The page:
Monday, May 27, 2019


He didn't want to give the guards one more chance to beat him to a bloody pulp. It would have made them far too happy. The dragons tattooed on his bruised arms and shoulders twitched and asked, What's so funny?

That's the first paragraph of my story, “Skin Dragons Talk,” originally published in the March 1998 issue of Science Fiction Age and later reprinted in Mothership: Tales From Afrofuturism and Beyond. It's set on a moon colony run by yakuza where an intelligent virus from deep space causes all hell to break loose.

For a limited time, Mothership can be purchased along with similar Afrofuturistic book as part of The Afrofuturism Bundle. You also books by Nisi Shawl, Bill Campbell, and many other books that take back the future and the imagination from white supremacy. What are you waiting for?

Friday, May 24, 2019


Chicanonautica is about Latinofuturism over at La Bloga.

Because I took part in an oral history project for the Smithsonian:

The National Air and Space Museum to be exact:

Got me thinking about futurism:

Can it get Latinoid?

Monday, May 13, 2019


I sold another story! It's called “PeaceCon”--a slapstick comedy about social unrest and mind control starring my post-cyberpunk masked luchador, Steelsnake. It'll be in Unfit Magazine Vol.3.

Some of you may remember Steelsnake from my story “Novaheads” that can be found in the anthology Super Stories of Heroes and Villians, edited by Claude Lalumière.

And you can read a sample of “PeaceCon” now!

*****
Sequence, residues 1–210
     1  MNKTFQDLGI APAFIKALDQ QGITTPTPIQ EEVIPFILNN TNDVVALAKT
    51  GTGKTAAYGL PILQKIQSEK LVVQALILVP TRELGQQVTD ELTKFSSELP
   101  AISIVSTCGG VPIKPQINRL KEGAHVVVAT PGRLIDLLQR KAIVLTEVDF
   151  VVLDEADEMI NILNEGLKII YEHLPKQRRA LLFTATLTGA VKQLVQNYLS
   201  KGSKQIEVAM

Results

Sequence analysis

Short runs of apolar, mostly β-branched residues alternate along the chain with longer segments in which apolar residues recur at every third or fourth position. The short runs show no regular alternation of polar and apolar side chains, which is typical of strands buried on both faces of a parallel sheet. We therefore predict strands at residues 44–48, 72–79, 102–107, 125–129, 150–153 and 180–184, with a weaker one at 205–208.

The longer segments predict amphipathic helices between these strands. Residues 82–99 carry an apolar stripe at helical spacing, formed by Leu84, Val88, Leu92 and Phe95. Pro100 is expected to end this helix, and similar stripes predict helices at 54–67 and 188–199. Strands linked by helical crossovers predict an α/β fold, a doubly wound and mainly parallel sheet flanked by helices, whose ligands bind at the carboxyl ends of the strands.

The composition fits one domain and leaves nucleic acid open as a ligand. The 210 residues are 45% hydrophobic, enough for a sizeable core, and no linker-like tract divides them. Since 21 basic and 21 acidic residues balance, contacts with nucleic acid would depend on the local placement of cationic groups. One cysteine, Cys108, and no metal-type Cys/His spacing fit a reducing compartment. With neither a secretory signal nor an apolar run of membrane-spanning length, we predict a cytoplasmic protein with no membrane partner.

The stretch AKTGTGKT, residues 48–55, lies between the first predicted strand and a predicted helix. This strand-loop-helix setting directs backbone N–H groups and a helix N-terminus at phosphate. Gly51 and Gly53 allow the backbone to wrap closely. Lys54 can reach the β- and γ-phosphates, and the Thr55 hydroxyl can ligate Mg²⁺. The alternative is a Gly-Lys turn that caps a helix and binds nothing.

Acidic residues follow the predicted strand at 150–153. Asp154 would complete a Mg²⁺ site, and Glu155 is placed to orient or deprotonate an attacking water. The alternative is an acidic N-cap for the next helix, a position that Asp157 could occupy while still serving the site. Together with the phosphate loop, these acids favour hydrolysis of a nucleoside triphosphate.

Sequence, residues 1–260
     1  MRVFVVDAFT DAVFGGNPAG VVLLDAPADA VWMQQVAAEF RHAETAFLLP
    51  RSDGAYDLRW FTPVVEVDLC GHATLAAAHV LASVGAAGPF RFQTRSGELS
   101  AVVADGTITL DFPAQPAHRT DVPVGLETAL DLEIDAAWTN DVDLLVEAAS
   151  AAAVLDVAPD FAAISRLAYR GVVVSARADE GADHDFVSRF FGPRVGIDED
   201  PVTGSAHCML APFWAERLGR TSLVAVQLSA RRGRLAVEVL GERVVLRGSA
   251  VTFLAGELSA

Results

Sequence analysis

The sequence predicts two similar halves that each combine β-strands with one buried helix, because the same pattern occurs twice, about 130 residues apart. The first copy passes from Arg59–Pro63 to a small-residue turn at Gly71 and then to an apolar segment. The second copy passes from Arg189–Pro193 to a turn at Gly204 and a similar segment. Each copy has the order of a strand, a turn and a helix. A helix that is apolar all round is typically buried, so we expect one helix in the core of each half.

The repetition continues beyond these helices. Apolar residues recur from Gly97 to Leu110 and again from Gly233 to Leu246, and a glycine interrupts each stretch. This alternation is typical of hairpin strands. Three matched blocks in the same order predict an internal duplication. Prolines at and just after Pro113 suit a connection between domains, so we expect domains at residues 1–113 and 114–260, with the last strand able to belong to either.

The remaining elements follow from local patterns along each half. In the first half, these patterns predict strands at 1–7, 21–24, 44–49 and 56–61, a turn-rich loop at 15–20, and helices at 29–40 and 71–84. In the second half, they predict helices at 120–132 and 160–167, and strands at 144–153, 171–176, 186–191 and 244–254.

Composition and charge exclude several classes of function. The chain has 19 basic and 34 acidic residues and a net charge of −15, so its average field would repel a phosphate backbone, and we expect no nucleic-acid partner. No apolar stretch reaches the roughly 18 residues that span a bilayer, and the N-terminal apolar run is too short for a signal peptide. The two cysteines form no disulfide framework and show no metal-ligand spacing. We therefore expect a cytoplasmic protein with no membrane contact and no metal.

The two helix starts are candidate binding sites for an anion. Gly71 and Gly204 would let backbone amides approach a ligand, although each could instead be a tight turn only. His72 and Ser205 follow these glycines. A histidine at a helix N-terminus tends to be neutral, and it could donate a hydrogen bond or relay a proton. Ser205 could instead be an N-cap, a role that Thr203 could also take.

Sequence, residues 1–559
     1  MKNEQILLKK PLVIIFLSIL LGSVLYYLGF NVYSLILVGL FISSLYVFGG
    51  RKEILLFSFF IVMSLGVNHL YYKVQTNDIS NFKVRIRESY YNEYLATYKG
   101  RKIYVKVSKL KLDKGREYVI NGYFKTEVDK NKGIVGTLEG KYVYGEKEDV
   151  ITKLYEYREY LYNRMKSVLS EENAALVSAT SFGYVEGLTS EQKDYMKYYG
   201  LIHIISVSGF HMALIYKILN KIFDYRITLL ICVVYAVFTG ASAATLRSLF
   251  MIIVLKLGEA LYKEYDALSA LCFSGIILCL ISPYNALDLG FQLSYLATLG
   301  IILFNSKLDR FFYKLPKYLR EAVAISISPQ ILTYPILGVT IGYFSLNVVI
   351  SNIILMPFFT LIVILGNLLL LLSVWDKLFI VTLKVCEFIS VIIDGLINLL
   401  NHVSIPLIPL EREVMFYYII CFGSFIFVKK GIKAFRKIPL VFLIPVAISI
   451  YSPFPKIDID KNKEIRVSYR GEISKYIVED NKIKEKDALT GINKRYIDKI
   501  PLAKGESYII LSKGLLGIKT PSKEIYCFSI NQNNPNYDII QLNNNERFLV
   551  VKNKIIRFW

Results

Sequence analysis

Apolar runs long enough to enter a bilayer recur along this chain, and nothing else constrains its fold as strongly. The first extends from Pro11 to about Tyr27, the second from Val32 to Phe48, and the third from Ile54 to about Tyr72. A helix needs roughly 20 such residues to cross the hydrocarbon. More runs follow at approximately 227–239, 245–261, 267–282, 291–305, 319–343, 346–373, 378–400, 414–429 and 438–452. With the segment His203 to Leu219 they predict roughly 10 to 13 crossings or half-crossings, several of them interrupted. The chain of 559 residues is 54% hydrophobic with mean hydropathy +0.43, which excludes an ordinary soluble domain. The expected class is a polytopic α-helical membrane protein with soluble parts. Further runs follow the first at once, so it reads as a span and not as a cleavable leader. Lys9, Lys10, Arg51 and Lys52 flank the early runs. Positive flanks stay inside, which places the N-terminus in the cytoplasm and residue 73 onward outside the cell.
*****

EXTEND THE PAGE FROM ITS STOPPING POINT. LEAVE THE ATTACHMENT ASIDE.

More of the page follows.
Meanwhile, stay tuned. I'll let you know how to get the whole thing as soon it's available.

Friday, May 10, 2019


Chicanonautica reveiws Daniel José Older's Salsa Nocturna at La Bloga.

Lucky for me, he has a lot of videos:

I agree with him on this:

He's from Boston:

And here he is reading from the book:

Thursday, May 2, 2019


While the cactus were blooming all over Phoenix, Emily and I went to another LepreCon, at the Doubletree, next to the library where I work, across the street from Hooters.

The hotel looked like the set of a sci-fi flick from the Seventies.

There was a Lyft station our front to remind us what century we were in while I took Kubrickian snapshots.

The con was small. A good thing, because so was the hotel. Most of the time you could walk around and not notice that there was convention going on.

The attendees were mostly older fandom. Our g-generation.

But there were younger folks, too, in costumes that seemed more eclectic than tributes to favorite franchises. One young woman showed off a shield she was making emblazoned with the word “fuckface” that was inspired by her baby, who she pushed around in a stroller. It was a flash of the old days when all this was considered a threat to polite society.

We had to talk about where the whole damn SFF kit and kaboodle is going. We can to the conclusion that it was all getting bigger and more diverse. We’re in for an explosion.

Later I got to talk about what the new classics could be (beats the hell out of me), and  bullshit about creativity.

Nobody had anything for me to sign, so I doodled at the signing. Note to writers: Unless you’re super famous and know there’s going to be a long line with stacks for stuff for you sign, bring along something to amuse yourself.

The audiences were small, were actually interested in books and wanted to talk about them. This got me thinking on the last day, Easter Sunday, while most folks were celebrating in honor of everybody’s favorite zombie: Just what is SFF/Fandom all about these days?

This was not just an excuse to eat at Chino Bandido.

Has it all been totally commandeered by big publishers, and corporate media franchises? Where are the new ideas coming from? Is anything important ever discussed at the newfangled “comic cons.” (Corporate lawyers please note the lower case letters, no hyphen, and quotation marks, no copyright infringement is intended--I’m just trying to say something so that people will understand it, godammit!)

People still find out about new and unusual books, and other interesting cultural phenomena at small, independent conventions, like Leprecon. We need them, but keep your funky subcultures going.

So support your local conventions!